Cross-Curricular School Trip To London
Every curriculum subject can be enriched by an educational visit to London.
A bird’s eye view from The London Eye
Understanding conflict at the Imperial War Museum
A thousand years of history at the Tower of London
Interactive exhibits at the Science Museum
*Excursion fees may not be included in this tour – please contact us to learn more.
**Coach subject to driver’s hours regulations
The tower is in fact a castle on the north bank of the River Thames. It has a rich history of functions that include Royal Mint, palace to prison and home of the Crown Jewels. It’s a fantastic place for students to learn about the monarchy and landmark British periods such as the Tudors.
This is the world’s largest observation wheel and stands at 135m high. It’s the most exciting way to see over 55 of London’s most famous landmarks, with views as far as 25 miles on a clear day. Each of the 32 pods can hold 25 people so groups can experience the half-hour ride together.
Seeing the sights of London by boat is a fantastic way to avoid the crowds and show students how the city has developed along the riverside. Highlights include the South Bank, Westminster, St Paul’s Cathedral, the Tate Modern and a trip under Tower Bridge. Cruises range from half an hour up to three hours and talks can be tailored to specific educational groups.
The ‘West End’ is the name that’s been given to the part of London west of Charing Cross station since the 1800s. This glitzy part of London is a celebrated hub of theatres and musical venues. England’s answer to Broadway is a fantastic place for students to see a commercial production of excellent quality at a discounted rate.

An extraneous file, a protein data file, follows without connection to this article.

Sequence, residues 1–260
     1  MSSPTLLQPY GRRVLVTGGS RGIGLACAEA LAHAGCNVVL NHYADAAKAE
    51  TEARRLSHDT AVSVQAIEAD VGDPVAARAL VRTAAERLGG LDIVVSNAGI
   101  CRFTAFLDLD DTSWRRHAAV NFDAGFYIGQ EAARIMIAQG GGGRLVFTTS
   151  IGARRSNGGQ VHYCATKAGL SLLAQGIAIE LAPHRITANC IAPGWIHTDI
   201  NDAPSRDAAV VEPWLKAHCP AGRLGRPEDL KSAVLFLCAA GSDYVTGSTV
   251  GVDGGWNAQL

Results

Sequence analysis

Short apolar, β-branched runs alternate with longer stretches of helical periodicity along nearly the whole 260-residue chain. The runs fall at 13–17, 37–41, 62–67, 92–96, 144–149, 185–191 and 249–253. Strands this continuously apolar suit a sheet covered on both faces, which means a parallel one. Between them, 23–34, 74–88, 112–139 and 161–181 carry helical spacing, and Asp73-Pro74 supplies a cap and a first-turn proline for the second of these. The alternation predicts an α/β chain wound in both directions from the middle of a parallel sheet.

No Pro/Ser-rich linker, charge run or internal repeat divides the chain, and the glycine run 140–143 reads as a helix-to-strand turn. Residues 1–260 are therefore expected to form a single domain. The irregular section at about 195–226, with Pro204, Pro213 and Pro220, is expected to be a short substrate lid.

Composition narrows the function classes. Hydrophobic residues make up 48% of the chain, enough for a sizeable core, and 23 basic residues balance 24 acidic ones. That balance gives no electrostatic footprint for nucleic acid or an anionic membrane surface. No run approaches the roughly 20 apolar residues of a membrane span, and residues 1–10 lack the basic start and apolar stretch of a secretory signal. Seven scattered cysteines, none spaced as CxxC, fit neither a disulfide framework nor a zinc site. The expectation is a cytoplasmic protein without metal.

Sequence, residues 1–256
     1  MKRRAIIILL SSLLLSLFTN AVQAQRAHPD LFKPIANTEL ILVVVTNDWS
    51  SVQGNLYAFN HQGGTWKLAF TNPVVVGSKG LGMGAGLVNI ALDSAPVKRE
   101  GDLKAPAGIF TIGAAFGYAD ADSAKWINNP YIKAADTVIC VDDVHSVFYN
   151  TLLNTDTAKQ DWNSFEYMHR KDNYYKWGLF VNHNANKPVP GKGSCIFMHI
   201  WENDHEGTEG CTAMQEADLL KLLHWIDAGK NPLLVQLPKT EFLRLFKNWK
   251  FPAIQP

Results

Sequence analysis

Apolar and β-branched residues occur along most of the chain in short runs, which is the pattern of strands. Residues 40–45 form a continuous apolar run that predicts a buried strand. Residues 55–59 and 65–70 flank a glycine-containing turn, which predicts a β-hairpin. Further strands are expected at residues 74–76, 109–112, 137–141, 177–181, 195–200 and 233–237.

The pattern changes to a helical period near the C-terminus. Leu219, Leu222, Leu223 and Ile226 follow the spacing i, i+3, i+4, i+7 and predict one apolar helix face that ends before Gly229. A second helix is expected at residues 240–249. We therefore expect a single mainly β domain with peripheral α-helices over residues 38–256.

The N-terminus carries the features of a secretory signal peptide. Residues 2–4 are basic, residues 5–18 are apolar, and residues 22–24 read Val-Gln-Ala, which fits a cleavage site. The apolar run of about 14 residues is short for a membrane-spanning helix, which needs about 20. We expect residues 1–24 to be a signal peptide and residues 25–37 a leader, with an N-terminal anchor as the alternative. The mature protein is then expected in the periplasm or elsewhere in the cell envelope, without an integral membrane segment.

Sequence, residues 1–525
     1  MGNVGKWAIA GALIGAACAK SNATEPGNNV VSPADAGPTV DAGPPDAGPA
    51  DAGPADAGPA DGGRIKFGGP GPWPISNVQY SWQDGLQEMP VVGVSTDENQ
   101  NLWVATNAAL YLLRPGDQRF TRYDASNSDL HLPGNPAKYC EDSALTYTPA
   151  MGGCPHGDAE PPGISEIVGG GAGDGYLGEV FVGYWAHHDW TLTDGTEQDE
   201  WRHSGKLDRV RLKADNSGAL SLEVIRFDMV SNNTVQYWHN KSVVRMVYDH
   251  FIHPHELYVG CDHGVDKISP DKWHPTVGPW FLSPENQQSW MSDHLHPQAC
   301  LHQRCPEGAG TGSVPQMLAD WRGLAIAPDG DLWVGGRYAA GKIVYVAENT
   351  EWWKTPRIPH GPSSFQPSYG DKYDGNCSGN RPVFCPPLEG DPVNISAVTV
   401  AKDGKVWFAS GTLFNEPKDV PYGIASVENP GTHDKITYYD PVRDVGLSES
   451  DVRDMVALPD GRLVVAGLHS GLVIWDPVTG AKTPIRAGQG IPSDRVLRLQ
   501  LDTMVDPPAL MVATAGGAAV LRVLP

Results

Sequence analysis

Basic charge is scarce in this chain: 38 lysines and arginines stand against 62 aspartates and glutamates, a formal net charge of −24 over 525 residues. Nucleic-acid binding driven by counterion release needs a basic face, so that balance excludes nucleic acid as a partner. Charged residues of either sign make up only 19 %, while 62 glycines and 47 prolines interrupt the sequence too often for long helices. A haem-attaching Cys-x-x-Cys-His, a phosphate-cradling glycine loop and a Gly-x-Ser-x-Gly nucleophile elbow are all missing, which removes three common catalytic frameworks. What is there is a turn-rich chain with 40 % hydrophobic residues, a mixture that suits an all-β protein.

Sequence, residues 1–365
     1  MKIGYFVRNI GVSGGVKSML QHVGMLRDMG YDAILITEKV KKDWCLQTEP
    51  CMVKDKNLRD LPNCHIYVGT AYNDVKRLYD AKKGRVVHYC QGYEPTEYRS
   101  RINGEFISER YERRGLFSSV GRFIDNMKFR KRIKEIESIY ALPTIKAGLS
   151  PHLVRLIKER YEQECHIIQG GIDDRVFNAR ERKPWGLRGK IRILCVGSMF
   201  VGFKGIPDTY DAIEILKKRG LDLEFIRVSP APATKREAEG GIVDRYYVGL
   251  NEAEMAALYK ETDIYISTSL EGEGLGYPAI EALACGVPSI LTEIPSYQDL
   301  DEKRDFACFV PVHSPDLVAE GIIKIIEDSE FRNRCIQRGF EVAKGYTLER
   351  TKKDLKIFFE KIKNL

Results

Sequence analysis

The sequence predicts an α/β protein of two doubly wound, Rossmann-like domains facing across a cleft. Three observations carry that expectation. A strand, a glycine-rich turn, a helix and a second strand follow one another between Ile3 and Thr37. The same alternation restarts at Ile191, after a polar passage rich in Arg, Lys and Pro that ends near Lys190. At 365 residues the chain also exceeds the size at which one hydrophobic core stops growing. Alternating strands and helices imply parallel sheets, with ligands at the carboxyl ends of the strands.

Marie Tussaud’s waxworks came to London in the 1830s, and has since become one of its busiest tourist attractions. Find out what makes people queue to invest in one of the capital’s most expensive museum tickets.There are over 400 wax effigies, from ancient monarchs to US presidents to pop stars and sporting heroes – not forgetting the Chamber of Horrors.
This combined suspension and drawbridge is a London icon that has spanned the River Thames since 1894. At the Tower Bridge Exhibition, visitors learn about the history of the bridge, see the Victorian engine rooms, and enjoy breathtaking views from the high-level walkways. Students watch interesting presentations on their journey to the upper levels.
Waxwork ‘prisoners’ are subjected in graphic detail to historical horrors at London’s goriest, most gruesome attraction. Costumed characters leap out of the gloom amid displays on the Great Plague, Henry VIII, and Jack the Ripper. The attraction’s theatrical appraoch, with a soundtrack of screaming and moaning is tremendously popular, especially with children.
This gallery on Trafalgar Square houses the national collection of Western European painting from the 13th to the 19th centuries. More than 2,300 masterpieces are on show including works by Picasso, van Gogh, Michelangelo, Monet and Turner – all for free. As well as temporary exhibitions there are lectures and workshops to help students engage with the art.